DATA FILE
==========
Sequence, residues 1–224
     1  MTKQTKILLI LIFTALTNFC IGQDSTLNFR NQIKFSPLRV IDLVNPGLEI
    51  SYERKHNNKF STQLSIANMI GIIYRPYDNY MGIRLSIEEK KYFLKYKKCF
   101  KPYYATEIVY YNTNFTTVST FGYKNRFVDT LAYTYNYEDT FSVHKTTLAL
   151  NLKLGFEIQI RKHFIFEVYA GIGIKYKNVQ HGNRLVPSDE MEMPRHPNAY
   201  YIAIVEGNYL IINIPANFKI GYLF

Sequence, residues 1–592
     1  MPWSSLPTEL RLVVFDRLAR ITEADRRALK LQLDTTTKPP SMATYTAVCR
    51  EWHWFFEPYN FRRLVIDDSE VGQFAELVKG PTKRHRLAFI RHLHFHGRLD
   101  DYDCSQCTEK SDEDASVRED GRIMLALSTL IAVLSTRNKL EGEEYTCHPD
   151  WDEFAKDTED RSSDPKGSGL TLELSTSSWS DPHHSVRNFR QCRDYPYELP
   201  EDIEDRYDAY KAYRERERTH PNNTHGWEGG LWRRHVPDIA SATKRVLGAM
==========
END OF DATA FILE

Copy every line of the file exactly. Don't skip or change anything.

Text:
Sequence, residues 1–224
     1  MTKQTKILLI LIFTALTNFC IGQDSTLNFR NQIKFSPLRV IDLVNPGLEI
    51  SYERKHNNKF STQLSIANMI GIIYRPYDNY MGIRLSIEEK KYFLKYKKCF
   101  KPYYATEIVY YNTNFTTVST FGYKNRFVDT LAYTYNYEDT FSVHKTTLAL
   151  NLKLGFEIQI RKHFIFEVYA GIGIKYKNVQ HGNRLVPSDE MEMPRHPNAY
   201  YIAIVEGNYL IINIPANFKI GYLF

Sequence, residues 1–592
     1  MPWSSLPTEL RLVVFDRLAR ITEADRRALK LQLDTTTKPP SMATYTAVCR
    51  EWHWFFEPYN FRRLVIDDSE VGQFAELVKG PTKRHRLAFI RHLHFHGRLD
   101  DYDCSQCTEK SDEDASVRED GRIMLALSTL IAVLSTRNKL EGEEYTCHPD
   151  WDEFAKDTED RSSDPKGSGL TLELSTSSWS DPHHSVRNFR QCRDYPYELP
   201  EDIEDRYDAY KAYRERERTH PNNTHGWEGG LWRRHVPDIA SATKRVLGAM